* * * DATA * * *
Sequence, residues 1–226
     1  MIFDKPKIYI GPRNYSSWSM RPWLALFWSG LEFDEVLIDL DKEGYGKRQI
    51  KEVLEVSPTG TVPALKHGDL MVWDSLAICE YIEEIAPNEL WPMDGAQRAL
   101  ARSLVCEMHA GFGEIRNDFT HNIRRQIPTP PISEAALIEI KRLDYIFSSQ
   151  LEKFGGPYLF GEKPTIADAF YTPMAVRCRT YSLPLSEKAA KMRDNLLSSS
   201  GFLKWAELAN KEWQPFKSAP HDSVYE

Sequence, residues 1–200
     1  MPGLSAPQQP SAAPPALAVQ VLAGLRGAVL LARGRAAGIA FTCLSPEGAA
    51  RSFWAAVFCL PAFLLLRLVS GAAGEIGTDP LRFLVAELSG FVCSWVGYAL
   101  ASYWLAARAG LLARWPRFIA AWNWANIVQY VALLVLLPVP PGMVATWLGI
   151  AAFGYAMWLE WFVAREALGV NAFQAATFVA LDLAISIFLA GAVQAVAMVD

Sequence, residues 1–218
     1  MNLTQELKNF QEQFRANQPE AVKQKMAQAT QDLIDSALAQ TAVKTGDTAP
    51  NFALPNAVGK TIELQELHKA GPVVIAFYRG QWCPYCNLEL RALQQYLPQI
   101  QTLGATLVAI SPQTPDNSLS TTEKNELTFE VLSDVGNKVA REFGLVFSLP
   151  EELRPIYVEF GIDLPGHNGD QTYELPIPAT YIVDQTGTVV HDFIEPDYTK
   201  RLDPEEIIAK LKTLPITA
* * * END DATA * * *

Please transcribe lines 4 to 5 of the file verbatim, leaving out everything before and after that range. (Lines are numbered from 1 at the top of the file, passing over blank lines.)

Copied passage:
   101  ARSLVCEMHA GFGEIRNDFT HNIRRQIPTP PISEAALIEI KRLDYIFSSQ
   151  LEKFGGPYLF GEKPTIADAF YTPMAVRCRT YSLPLSEKAA KMRDNLLSSS